As NASA considers human exploration of Mars and encounters stress to get astronomers to the Moon, it will require sorting out a handful of major details—such as how to keep celestial habitats operational even when there are not any human occupants. To achieve this, NASA chose 2 new, university-spearheaded STRIs (Space Technology Research Institutes) and gave them the task of designating automatic SmartHabs, or Smart Habitats.
One, the HOME (Habitats Optimized for Missions of Exploration), will design self-directed systems, robotic maintenance, machine learning, and onboard making for self-maintained and autonomous smart habitats. The HOME group comprises scientists from the University of Colorado Boulder, University of California (Davis), the Georgia Institute of Technology, Carnegie Mellon University, Texas A&M University, Howard University, and the University of Southern California. In addition to this, it includes researchers from Blue Origin, Sierra Nevada Corporation, and United Technology Aerospace Systems.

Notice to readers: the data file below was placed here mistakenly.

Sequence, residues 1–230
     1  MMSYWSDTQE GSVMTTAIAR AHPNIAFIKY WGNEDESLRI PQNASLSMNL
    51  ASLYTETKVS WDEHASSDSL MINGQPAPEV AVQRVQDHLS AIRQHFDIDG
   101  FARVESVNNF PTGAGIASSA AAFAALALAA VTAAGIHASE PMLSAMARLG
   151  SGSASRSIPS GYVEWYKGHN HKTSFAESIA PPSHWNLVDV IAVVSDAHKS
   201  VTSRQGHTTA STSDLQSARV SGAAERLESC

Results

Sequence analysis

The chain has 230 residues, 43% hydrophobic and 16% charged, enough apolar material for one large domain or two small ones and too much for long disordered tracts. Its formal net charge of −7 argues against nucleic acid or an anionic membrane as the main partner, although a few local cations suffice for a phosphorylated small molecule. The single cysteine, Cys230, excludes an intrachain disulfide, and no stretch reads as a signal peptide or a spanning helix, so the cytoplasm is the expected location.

The other STRI, RETHi (Resilient ExtraTerrestrial Habitats institute), will aim on SmartHabs that employ self-directed robots to recover from and adapt disruptions. That group is made up of University of Connecticut, Purdue University, the University of Texas at San Antonio, and Harvard University.
On a related note, what the Europa Clipper sees when it begins revolving around icy moon of Jupiter will be useless to us if it cannot transmit data back to our planet. In order to convey back data from the distant solar system, the Clipper will be fitted with a HGA (high-gain antenna) that the space organization is presently testing. NASA is calculating a 10-foot-tall full-scale sample of the HGA at Langley Research Center of NASA at the ETR (Experimental Test Range).
The Clipper group is evaluating its performance in the controlled environment of the electromagnetic test facility, much similar to how the Mars helicopter group employed Space Simulator of JPL to prove working of their flying vehicle.
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